Because this is a well-worn pattern in my life, I eventually find the end of the cup and recognize my need to make some changes. Unfortunately, recognition alone does not bring healing and fullness. It has been a slow slog to replenish my energy over the past few weeks. Life hasn’t been kind, but there are some quiet disciplines I find to be effective ways to refill the cup.

I take control of what I can… In this case, I found that missing my daily discipline of quiet reflection and prayer in the morning could not continue. I rearranged my life to carve out an hour for quiet prayer, journaling, and spiritual reflection. For me, it always starts here. I don’t know why I ever think I can live without this. I can’t. I know I can’t. So, I go back and once again find that this quiet refuge waters my soul. This hour flows into the rest of my day, my week, my life providing perspective and power to take responsibility for both my yes and my no as I guard my heart and my time, and cut away things that drain my energy.

I watch my stories… both the stories I tell about myself and the stories I think about others. Journaling is a good place for a sanity check on these stories. I can’t be everyone to everyone, in fact, I shouldn’t be everything to anyone. I need to be allowed to be imperfect and flawed. Because, well, I am. If I need to be perfect at home, at work, or at church to be accepted I probably should just walk out now. Instead, I need to know I am safe to learn and grow. My mistakes and weaknesses are evident. As much as I try to tuck them away, they seem to slip out and trip me up. It has to be okay, to just be me. Because, well, who else could I be? My people also seem to be imperfect and flawed. Well, you know… So, I need to just let people be who they are. I need to let them off the hook and love them now, right now.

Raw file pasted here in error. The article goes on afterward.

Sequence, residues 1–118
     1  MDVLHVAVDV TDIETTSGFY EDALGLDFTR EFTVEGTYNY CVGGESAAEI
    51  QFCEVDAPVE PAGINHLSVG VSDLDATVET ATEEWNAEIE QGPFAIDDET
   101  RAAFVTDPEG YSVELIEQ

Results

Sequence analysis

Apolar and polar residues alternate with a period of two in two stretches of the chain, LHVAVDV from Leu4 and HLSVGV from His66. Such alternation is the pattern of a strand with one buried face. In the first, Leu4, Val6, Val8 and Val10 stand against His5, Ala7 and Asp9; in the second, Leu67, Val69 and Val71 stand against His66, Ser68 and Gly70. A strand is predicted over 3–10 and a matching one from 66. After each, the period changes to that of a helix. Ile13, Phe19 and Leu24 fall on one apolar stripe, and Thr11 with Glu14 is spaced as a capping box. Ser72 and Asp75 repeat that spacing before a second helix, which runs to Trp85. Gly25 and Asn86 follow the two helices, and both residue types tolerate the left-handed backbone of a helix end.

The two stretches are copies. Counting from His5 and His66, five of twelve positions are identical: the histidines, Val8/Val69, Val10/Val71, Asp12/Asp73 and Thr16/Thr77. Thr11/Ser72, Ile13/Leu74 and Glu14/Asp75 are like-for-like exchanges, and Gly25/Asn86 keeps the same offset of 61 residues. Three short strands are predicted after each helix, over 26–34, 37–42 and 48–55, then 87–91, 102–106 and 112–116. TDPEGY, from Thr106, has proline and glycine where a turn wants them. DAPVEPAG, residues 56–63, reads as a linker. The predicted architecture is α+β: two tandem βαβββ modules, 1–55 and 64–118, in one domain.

I tell the truth… When I am overwhelmed and under-resourced, I need to slow down, get quiet, and ask for help. I need to say no, I can’t do that right now. Please, could you help me? I need to not answer the phone or make more plans. I need to have honest conversations about what is hurting. I need to share my burden and open my life to people who love me. When my doing for others becomes a place of security for me, I know I need to make some changes. It should be okay to pull back, to ask for help, and to say no without fearing loss of love or trust.

Over the past decade, I’ve begun to realize that my resources are finite. I know, I probably should have considered that earlier, but I was a slow learner. I am learning that managing my time and tasks don’t seem to be enough. I need to move in and out of busyness. In silence and solitude, my soul is restored. I need to learn to guard and nurture my energy, my enthusiasm, my positivity, and my perspective. I need to listen to my own heart’s warnings and make good decisions about tending my soul. So, when the cup is empty, it’s a good time to stop pouring.

2 thoughts on “Stop pouring…

  1. This is a masterpiece, Deb. It reads like it was written in ancient times and just rediscovered. I say enough how truly it rings.